How to rule out rules?
Having rules is safe.
Rules create consistent
Rules maintain predictability
Not having rules is dangerous.
Rules mask individuality
Rules stifle creativity
Rules kill vitality
In my opinion, rules are a weak leader’s first line of defense. Every time something goes wrong, weak leaders create new rules to prevent failures. Writing rules is a backward-facing attempt at solving past problems. Let’s get real about rules.
Don’t jettison rules if:
- You “play” in a highly regulated space.
- You have high turn over
- Process and Procedures are legal necessities
- Procedures establish consistency
Jettison rules if:
- Everyone understands and embraces organizational values, mission, and vision.
- Ownership is high.
- Deliverables are clearly defined, understood, and agreed to.
- Accountability is a positive concept that’s engrained in organizational culture.
Organizations that rely on rules suggest weak leadership, organizational confusion, poor communication, and disengaged employees. Rules drain joy, quench motivation, stifle creativity, and choke productivity. Worse yet, rules create the wrong kind of work.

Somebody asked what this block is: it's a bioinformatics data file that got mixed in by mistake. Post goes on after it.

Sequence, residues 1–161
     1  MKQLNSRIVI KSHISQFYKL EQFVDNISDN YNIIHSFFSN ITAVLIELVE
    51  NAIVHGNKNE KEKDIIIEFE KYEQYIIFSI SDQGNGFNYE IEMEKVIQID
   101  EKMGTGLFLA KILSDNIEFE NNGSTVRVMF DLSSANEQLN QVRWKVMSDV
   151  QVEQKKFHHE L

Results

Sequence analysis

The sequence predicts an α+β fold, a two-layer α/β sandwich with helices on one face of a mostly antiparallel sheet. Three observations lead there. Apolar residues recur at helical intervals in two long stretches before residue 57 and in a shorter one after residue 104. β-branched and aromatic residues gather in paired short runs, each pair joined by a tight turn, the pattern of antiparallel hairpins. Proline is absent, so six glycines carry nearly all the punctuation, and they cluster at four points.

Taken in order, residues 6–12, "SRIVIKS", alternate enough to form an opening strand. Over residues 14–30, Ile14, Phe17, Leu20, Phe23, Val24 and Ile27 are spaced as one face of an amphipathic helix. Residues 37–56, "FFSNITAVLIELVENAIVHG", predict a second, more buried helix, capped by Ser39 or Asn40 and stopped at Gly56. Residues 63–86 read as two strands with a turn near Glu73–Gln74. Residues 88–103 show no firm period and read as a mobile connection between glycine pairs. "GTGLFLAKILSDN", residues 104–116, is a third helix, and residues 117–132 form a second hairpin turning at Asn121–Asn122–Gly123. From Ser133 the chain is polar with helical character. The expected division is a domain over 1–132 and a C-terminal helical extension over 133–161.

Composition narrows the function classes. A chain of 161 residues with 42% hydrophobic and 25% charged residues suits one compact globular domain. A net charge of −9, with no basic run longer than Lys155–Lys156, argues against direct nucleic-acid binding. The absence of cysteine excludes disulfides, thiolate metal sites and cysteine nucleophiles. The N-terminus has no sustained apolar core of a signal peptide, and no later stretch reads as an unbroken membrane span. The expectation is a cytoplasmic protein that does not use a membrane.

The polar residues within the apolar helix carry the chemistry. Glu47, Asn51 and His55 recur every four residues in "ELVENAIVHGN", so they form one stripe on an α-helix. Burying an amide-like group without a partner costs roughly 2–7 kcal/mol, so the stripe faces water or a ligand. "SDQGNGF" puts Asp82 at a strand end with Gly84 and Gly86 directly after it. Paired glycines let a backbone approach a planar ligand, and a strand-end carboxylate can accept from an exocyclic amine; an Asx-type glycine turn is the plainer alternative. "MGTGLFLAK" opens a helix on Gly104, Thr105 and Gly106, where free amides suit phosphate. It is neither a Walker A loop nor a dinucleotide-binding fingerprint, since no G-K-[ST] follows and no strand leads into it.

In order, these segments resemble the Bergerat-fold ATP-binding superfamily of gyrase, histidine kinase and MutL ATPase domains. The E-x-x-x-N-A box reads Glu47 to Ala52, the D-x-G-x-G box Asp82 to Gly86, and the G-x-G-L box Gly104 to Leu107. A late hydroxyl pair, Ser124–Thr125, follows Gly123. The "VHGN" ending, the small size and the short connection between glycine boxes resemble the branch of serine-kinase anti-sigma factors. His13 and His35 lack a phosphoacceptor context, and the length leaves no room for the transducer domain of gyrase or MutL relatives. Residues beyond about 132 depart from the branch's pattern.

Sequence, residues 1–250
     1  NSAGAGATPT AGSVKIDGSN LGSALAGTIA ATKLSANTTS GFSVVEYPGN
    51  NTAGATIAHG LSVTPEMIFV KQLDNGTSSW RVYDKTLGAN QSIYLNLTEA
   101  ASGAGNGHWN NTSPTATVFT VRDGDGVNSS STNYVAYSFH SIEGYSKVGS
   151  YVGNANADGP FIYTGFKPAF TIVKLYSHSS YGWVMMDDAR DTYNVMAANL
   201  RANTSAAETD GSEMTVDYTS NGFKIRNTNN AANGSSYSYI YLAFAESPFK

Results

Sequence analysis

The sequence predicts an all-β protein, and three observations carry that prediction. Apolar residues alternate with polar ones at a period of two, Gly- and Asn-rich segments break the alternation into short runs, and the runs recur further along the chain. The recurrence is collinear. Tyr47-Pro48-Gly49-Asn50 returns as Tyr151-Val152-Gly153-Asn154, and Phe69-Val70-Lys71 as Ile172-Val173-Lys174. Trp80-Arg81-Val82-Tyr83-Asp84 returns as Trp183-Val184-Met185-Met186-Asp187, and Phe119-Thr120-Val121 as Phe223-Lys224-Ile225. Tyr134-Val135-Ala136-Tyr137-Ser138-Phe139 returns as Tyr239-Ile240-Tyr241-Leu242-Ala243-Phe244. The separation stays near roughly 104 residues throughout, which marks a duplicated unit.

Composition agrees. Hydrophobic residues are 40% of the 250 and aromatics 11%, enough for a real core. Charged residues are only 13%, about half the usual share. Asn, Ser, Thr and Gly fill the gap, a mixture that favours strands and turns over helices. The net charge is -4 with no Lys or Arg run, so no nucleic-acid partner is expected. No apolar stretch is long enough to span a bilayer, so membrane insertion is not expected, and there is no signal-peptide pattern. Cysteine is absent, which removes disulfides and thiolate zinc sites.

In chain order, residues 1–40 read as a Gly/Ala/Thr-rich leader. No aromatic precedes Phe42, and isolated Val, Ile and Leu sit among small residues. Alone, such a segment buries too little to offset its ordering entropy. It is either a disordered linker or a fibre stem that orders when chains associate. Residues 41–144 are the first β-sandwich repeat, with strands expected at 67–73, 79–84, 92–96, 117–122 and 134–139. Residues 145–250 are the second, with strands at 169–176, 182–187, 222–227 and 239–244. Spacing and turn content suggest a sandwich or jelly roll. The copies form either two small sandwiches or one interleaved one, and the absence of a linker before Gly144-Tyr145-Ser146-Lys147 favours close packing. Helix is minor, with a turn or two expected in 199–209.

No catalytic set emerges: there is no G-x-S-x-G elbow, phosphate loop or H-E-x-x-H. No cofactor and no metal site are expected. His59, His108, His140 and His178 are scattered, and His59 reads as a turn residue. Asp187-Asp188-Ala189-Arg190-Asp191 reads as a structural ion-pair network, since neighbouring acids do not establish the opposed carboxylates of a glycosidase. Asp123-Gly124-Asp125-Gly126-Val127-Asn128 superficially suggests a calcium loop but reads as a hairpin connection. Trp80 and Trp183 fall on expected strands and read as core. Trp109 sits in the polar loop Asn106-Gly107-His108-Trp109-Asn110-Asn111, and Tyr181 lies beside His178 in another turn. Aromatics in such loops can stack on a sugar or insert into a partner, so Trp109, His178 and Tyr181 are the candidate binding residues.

Organizations that rely on rules are top heavy monsters with midlevel managers dedicated to enforcement and paper pushing. Rather than enabling and motivating they drain vitality.
Finally, rule-making organizations promote rule keepers who then create more rules.
Note: I’m not suggestion organizations do away with all rules. Organizations devoid of rules are in chaos. I am suggesting many organizations rely too heavily on restrictive rules that alleviate leaders of their responsibilities.
What is dangerous about living with fewer rules?
How could organizations move toward fewer rules?